Aeration decreases THMs

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WITH HIGH LEVELS of trihalomethanes (THMs), the township of North Shore in Northern Ontario, Canada, explored treatment options at its Serpent River'Water Treatment Plant. The Serpent River treatment process includes slow-sand filtration. limestone contact tanks, and sodium hypochlorite disinfection. After filtration, sodium hypochlorite is injected into the treatment process before water enters a clearwell. Chlorine contact time is achieved in a baffled clearwell before the water makes its way to rrvo distribution pumps.

Serpent River water contains dissolved organic compounds and total organic compounds, which contribute to water discoloration. Slow-sand lilters alone can't remove as much organics as can otherwise be removed through conventional filtration. Consequently, the slow-sand filtered water contains residual organic constituents.

When sodium hypochlorite comes into contact with organic compounds in filtered water, disinfection by-products (DBPs) are formed, including THMs. The utility's THM levels were ranging from 80 pgll to 150 pgll. The Ontario Ministry of Environment set the upper limit for THMs at 100 pglt and is considering reducing the limit to 80 pgll,. The idea to use aeration came from a study conducted by the Suisun-Solano (Calif.) Water Authoriff, which used a small recirculation pump and spray nozzles to considerably reduce THM levels (see Storage Tank Aeration Eliminates Trihalomethanes, Opflow, May 2008, page 28).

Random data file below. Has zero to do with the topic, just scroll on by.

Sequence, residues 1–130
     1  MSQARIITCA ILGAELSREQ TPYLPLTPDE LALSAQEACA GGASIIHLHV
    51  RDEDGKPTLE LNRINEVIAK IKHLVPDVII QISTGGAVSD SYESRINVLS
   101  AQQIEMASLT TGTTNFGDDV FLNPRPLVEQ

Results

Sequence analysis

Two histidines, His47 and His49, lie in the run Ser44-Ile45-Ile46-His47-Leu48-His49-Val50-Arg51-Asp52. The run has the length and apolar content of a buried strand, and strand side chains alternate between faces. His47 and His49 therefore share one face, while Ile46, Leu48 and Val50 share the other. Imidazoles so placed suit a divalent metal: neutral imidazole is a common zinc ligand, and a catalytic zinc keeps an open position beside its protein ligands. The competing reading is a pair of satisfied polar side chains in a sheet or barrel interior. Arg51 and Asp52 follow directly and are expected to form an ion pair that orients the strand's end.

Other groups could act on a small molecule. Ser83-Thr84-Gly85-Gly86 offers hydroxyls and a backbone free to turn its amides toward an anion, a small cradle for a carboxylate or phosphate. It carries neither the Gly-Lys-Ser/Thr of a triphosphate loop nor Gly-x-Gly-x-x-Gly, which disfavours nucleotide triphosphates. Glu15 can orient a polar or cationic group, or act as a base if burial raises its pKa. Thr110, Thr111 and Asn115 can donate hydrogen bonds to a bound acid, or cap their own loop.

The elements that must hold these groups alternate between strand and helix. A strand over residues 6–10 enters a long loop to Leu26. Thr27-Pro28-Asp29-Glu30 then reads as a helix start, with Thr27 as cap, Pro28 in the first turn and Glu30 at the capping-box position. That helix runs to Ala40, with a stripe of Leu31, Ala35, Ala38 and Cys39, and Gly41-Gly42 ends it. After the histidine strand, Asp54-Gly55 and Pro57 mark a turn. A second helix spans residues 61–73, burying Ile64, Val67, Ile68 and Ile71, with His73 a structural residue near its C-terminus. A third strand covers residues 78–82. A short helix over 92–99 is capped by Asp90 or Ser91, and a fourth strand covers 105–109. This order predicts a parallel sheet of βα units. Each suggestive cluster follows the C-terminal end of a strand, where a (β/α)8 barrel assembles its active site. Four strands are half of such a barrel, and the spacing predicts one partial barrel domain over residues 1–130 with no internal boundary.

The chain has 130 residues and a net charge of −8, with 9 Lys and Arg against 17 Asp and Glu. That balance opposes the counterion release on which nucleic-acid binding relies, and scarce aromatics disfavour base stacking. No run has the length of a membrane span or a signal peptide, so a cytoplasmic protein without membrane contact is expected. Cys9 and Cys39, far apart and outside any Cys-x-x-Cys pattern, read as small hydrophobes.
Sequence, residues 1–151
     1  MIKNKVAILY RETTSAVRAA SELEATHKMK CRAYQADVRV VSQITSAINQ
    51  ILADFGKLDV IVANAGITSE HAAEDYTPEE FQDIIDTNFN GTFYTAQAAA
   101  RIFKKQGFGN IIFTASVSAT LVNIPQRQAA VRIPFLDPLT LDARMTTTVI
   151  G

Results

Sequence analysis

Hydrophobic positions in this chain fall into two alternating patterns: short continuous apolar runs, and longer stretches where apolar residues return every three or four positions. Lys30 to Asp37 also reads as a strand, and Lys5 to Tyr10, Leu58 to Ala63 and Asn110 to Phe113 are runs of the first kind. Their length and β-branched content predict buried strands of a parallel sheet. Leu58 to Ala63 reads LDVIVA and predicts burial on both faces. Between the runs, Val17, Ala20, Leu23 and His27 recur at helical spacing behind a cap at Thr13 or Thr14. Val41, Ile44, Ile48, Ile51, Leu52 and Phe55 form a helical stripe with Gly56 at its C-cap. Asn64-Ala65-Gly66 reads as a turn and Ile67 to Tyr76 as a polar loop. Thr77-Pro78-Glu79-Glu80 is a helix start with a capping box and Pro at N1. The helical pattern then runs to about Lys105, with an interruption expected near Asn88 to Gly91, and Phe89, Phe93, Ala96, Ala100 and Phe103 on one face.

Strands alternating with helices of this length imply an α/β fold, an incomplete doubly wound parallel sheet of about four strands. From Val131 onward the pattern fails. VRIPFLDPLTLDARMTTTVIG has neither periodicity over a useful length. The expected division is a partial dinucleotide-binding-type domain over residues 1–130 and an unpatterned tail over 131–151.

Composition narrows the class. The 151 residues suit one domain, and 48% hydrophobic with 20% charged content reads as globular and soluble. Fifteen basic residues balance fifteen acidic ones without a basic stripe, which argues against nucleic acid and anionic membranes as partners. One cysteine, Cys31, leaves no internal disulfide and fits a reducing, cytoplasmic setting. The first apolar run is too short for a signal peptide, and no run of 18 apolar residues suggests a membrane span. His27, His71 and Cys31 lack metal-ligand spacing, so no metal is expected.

Laboratories usually report total THMs, which consist of bromodichloromethane, bromoform, chloroform, and dibromochloromethane. The utility is required to measure total THMs, which sums the above components. In this study, chloroform accounted for abowt 99 percent of total THMs.

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